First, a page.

Adding to the confusion, the medical community is in the midst of a battle over what exactly makes a doctor qualified. Besides holding a state medical license, around 75% of U.S. physicians are certified by privately run boards in a wide range of specialty fields. Board certification requires physicians to pass rigorous exams, traditionally every 10 years. Recently, many boards have begun requiring doctors to enroll in official Maintenance of Certification (MOC) programs on medical knowledge and practice assessment. These programs require around 20 hours a year in completing modules and taking exams and cost thousands of dollars in order to maintain certification. Most physicians find these modules cumbersome to complete in addition to the continuing-education courses required to maintain their medical licenses. Board certifications are often seen as a gold standard for quality, as physicians are not required to receive the certification to practice medicine and the extra education and rigorous examination are seen as a measure of skill. Certification is voluntary, but many physicians find it required to receive hospital privileges or join insurance networks. Patients would likely see the MOC programs as an advantage for doctors, however doctors are deriding the MOC requirements as costly, irrelevant and time-consuming. The Association of American Physicians and Surgeons has even filed a lawsuit against the American Board of Medical Specialties alleging restraint of trade.

Payers, providers, patients, and the government all have a stake in the race to quality healthcare. There seems to be no way to please everyone and find a way to measure quality. As quality care becomes the highlight of the mission to reduce healthcare spending and improve outcomes, it is unclear how the best way to measure and report quality will work out. In an effort to create a more patient-focused healthcare system, quality comprehension is critical.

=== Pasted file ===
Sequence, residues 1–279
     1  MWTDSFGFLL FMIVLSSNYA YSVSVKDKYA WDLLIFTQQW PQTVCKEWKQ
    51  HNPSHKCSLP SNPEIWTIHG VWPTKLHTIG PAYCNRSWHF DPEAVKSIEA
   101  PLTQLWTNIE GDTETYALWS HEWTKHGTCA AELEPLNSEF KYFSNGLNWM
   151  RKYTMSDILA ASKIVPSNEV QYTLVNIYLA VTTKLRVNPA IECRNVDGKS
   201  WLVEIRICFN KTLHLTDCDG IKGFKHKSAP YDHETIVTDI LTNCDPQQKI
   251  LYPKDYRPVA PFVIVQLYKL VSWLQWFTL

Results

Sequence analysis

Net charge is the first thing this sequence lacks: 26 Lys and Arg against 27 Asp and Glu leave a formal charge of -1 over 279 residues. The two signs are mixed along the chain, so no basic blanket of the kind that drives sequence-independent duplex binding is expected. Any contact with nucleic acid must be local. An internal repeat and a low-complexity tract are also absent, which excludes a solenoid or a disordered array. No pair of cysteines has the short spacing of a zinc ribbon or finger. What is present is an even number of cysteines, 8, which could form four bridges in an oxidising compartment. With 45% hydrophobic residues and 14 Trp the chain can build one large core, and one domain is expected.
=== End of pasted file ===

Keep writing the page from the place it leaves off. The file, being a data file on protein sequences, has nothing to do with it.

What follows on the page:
One thought on “The Quality Conundrum

  1. “. . . just 22% of those questioned are confident that they can find information to compare the quality of local physicians.”

    “Payers, providers, patients, and the government all have a stake in the race to quality healthcare.”

    Isn’t that the big-picture problem? If we hadn’t come to rely on third-party payers (employers and insurance companies for many of us, government for the elderly) for so much of our everyday care (not just the catastrophic care that insurance was originally intended for), we would have a more direct customer-provider relationship, and our ability to get information and shop around would probably look a lot more like our ability to shop for food, clothes, and anything else that hasn’t been diluted by numerous third-party payers.

    “There needs to be some sort of overall quality rating system.”

    Maybe, but maybe not. We manage to feed ourselves without a government-approved rating system to tell us what’s of superior or inferior quality. We know that Kroger is better than Kroger Value brand.

    “Yes,” you reply, “but the government has regulations to guarantee that everything at least meets some minimal standard of quality or at least safety.” That’s true, but that’s different from a system to rate different levels of quality. Wouldn’t the equivalent of existing food regulations be the government licensing system that decides who can be a doctor in the first place? That and the other existing protections (there are others) should be all we need to guarantee a minimal level of quality or at least safety. Beyond that, get the government out of the way (equalize tax treatment of benefits and phase out Medicare to solve the third-party-payer problem) and let the market take care of itself.